Beth Yaakov Synagogue, Geneva, Switzerland

Haim F. Ghiuzeli

Beth Yaakov Synagogue of Geneva, also known as the Grande Synagogue of Geneva or the Ashkenazi synagogue was opened in 1859 in a central location in Geneva that has since been known as Place de la Synagogue. Jews started settling in Geneva in early 19th century, however, it took them more than a generation to achieve full emancipation. It was only in 1857 that the government of Geneva cancelled a previous law that forbade Jews from owning land properties in the canton of Geneva. The building of a new synagogue in the city center by a Jewish community that at the time hardly numbered 200 members, instead of the old synagogue that functioned during the first half of the 19th century in the suburb of Carouge, symbolized the Jews’ entry into the Swiss society as equal citizens enjoying full civic rights.


 


Exterior of the Beth Yaakov Synagogue
Geneva, 1970’s
Beit Hatfutsot, the Visual Documentation Center
Courtesy of Rabbi Alexandre Safran, Switzerland
 


Interior of the Beth Yaakov Synagogue
Geneva, 1970’s
Beit Hatfutsot, the Visual Documentation Center
Courtesy of Rabbi Alexandre Safran, Switzerland

 

The construction work of the synagogue continued for two years from 1858 to 1859 according to the plans of the Swiss architect Jean-Henri Bachofen (1821-1889). As in other Jewish communities in Europe in the mid decades of the 19th century, most notably Berlin, Budapest, Vienna, and Stockholm, the synagogue was erected in a predominantly Moorish design that was supposed to remind both the oriental origins of the Jewish people in the Land of Israel and its past glory in Muslim Spain during the Middle Ages. The Geneva synagogue influenced the design of other synagogues built in the Oriental style in Switzerland during the second half of the 19th century at Basel (1868), Porrentruy (1874), Saint Gall (1881), and Zurich (1884).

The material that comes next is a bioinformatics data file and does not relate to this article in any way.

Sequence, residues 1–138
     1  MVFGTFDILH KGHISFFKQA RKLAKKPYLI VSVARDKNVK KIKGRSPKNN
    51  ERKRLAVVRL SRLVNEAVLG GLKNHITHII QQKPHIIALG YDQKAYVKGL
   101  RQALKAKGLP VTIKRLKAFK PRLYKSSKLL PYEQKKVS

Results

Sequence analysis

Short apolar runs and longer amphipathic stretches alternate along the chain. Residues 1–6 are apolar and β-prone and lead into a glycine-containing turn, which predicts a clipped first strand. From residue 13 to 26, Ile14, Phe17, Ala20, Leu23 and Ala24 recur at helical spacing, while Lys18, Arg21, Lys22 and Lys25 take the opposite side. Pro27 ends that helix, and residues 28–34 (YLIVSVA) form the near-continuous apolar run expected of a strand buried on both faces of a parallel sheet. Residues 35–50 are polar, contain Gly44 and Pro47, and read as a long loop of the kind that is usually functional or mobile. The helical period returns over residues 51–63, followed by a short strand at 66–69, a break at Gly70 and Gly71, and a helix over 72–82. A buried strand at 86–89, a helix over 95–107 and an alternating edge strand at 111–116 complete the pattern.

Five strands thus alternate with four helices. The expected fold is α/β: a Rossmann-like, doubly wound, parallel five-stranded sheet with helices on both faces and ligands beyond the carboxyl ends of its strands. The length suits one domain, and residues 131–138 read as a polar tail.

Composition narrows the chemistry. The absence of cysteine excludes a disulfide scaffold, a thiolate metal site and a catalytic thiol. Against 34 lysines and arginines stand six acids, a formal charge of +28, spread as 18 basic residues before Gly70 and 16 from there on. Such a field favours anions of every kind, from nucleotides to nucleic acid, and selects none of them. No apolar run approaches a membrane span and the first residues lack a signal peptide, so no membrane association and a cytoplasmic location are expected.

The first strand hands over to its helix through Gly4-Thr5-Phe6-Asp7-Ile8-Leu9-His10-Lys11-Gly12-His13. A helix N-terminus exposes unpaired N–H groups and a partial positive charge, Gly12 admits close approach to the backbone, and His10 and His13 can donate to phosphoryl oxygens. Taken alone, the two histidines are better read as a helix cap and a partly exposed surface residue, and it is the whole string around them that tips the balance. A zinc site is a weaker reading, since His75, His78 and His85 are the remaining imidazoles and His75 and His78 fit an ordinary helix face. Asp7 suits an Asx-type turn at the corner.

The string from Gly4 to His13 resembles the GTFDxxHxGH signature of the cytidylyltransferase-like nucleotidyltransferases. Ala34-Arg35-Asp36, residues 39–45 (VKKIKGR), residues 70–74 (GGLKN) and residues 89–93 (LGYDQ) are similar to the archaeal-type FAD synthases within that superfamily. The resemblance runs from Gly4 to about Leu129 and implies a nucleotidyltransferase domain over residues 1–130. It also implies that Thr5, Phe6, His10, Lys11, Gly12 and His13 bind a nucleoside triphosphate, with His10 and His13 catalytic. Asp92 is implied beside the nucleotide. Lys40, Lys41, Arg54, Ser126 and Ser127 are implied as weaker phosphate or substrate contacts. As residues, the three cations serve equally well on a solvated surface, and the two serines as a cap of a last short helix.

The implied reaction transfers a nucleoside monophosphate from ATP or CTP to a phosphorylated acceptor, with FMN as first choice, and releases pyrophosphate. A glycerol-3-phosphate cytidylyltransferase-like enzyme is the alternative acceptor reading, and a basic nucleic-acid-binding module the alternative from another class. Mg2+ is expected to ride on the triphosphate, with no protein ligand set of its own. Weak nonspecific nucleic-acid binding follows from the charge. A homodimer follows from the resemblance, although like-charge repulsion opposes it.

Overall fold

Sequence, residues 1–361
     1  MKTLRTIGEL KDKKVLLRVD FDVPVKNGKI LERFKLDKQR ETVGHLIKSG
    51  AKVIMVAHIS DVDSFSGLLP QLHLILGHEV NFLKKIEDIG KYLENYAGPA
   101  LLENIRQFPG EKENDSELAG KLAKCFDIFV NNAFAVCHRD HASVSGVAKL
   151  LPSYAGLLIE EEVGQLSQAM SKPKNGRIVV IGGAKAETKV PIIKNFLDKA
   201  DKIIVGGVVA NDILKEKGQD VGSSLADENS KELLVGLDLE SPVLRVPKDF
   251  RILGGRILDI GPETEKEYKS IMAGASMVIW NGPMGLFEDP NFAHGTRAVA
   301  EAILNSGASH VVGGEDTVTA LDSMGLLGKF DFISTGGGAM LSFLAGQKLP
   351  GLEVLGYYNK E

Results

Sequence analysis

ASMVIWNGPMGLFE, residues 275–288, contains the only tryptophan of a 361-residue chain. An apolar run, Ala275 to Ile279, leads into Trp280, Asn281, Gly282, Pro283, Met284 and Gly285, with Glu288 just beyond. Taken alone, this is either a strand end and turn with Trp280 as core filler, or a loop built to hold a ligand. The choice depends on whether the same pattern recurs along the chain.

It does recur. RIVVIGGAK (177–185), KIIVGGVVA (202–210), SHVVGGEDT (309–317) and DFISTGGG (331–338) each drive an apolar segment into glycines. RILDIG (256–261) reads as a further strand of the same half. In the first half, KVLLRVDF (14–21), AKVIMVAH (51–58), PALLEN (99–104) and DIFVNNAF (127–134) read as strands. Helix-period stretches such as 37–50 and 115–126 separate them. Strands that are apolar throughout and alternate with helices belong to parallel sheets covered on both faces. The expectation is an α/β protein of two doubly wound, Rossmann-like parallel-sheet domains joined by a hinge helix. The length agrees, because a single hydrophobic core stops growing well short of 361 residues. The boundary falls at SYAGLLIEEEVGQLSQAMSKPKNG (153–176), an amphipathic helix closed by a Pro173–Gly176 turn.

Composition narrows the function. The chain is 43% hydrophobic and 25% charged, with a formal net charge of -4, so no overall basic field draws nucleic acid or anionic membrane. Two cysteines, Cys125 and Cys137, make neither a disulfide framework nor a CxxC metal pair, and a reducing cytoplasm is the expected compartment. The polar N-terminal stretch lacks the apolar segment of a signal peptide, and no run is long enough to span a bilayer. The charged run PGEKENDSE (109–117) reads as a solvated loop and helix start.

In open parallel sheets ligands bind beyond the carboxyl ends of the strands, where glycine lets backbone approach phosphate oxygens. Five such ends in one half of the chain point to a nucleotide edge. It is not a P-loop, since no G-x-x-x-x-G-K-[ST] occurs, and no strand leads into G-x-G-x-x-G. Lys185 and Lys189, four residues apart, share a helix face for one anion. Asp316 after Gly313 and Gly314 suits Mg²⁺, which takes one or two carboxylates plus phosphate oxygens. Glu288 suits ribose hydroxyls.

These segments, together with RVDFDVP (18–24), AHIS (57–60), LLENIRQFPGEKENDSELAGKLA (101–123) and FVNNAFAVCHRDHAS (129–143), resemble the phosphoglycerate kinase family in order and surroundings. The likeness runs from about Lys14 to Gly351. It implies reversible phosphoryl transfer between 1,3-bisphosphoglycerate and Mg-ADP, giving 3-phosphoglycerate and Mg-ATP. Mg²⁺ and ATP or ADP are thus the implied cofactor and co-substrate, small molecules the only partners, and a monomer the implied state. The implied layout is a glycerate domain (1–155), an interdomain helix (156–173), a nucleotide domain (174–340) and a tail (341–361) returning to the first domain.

The synagogue structure is crowned by a prominent dome rising over an octagonal base. The two levels of the synagogues are emphasized at the exterior by a continuous carved stone girth separating the upper section of the wall that is decorated with a pale orange and white strips pattern from the plain painted lower section. The exterior is dominated by typical Moorish style horseshoe arched windows and doors; the east wall has a large apse in Byzantine style.
The interior of the prayer hall is in predominantly Moorish style. The two storey-high Holy Ark with eclectic ornamentation is circumscribed by a set of concentric white arches and is located at the east end of the prayer hall, below a large seven-arched clerestory. The bimah is situated immediately in the front of the Holy Ark, a style borrowed from liberal Judaism of the period when the Synagogue was built. The women’s section is located in galleries on both sides of the prayer hall.


In 1995 the city authorities of Geneva listed the Beth Yaakov synagogue as a historical monument; the building underwent a major restoration in 1997 that brought it back to its original appearance. On the same occasion the organ, having not been in use for a number of years, was taken out of the synagogue. Beth Yaakov synagogue serves the Ashkenazi community of Geneva and prayers are held daily.



Address
Synagogue Beth Yaacov
11 Place de la Synagogue
1204 Genève
Switzerland
Phone: 022-311 4815
 

Link
CIG : Communauté Israélite de Genève